As of 2015, you can buy hydrated lime from home centers, such as Lowe's and The Home Depot, in large quantities and at low prices. Hydrated lime is also available from numerous online retailers, though it typically has a high shipping cost due to its considerable weight. Food-grade hydrated lime, usually called pickling lime or slaked lime, is available from canning stores and the canning sections of many supermarkets.
Hydrated lime, slaked lime, slack lime and pickling lime are all the same chemical, calcium hydroxide. The name hydrated lime typically applies to calcium hydroxide used for mixing plaster or mortar, and these products often contain impurities and harmful chemicals. Food-grade calcium hydroxide is a much purer product but is also much more expensive than construction-grade products. Food-grade hydrated lime is used in pickling eggs, cucumbers and peppers, and it used in turning corn into hominy for grits and masa for tortillas.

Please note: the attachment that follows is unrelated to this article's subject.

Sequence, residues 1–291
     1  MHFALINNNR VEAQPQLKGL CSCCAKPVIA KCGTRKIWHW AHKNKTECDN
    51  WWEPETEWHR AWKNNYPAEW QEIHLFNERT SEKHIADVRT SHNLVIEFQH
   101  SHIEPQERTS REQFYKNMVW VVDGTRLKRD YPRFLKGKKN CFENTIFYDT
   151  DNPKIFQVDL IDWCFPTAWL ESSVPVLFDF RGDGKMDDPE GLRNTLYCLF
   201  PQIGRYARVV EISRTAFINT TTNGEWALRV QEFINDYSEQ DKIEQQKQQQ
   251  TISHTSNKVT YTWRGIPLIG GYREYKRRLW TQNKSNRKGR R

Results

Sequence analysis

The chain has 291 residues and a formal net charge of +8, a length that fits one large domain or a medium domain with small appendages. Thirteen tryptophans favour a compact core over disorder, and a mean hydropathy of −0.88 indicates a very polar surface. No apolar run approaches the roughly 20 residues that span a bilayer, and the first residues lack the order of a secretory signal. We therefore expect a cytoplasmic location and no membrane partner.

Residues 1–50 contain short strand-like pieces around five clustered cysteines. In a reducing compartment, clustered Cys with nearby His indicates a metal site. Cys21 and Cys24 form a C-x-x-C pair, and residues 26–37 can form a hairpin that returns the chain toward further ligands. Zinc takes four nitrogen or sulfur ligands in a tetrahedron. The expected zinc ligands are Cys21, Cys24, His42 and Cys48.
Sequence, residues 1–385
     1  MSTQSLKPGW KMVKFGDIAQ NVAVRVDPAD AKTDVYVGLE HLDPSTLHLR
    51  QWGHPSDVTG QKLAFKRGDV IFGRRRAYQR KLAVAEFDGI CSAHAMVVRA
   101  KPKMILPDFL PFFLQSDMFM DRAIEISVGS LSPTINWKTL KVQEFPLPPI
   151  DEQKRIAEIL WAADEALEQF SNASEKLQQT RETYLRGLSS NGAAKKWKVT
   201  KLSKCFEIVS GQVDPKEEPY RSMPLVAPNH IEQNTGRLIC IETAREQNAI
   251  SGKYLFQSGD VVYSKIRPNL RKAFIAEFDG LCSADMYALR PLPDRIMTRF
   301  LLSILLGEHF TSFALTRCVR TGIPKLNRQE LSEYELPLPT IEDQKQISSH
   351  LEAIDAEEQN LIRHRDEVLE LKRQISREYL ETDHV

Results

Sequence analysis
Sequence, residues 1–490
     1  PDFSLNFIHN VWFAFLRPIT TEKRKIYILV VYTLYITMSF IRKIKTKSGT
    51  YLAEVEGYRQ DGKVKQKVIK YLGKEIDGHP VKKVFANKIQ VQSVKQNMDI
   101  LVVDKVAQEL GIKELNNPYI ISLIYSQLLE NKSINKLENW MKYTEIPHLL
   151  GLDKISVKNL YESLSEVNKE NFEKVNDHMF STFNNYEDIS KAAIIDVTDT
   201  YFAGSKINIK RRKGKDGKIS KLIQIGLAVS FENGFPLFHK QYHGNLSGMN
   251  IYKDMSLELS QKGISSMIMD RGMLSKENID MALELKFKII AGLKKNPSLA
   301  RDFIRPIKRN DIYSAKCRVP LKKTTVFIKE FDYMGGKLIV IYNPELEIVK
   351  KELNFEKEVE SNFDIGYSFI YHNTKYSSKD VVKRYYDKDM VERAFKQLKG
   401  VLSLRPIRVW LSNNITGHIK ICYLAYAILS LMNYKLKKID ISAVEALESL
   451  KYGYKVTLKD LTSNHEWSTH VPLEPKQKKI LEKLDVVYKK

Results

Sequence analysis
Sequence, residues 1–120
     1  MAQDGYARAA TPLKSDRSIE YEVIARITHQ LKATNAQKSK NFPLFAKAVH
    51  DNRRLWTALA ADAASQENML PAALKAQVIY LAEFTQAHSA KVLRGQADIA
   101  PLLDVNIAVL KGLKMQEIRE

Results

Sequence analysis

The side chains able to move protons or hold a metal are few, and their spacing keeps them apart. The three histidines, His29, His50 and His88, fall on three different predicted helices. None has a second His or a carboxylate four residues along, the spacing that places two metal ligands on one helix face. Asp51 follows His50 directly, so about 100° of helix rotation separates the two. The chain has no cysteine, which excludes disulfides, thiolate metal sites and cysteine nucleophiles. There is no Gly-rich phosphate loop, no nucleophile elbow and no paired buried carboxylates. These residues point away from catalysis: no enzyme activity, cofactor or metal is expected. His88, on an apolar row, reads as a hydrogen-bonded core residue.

Do not confuse hydrated lime with regular lime, also called quicklime. Quicklime is the common name of calcium oxide, and this chemical is actually the precursor material for hydrated lime. When mixed with water, quicklime molecules bond with hydrogen atoms from the water, forming calcium hydroxide. This reaction is highly exothermic, meaning that it gives off heat. Products containing quicklime are often used as hand and seat warmers for this reason.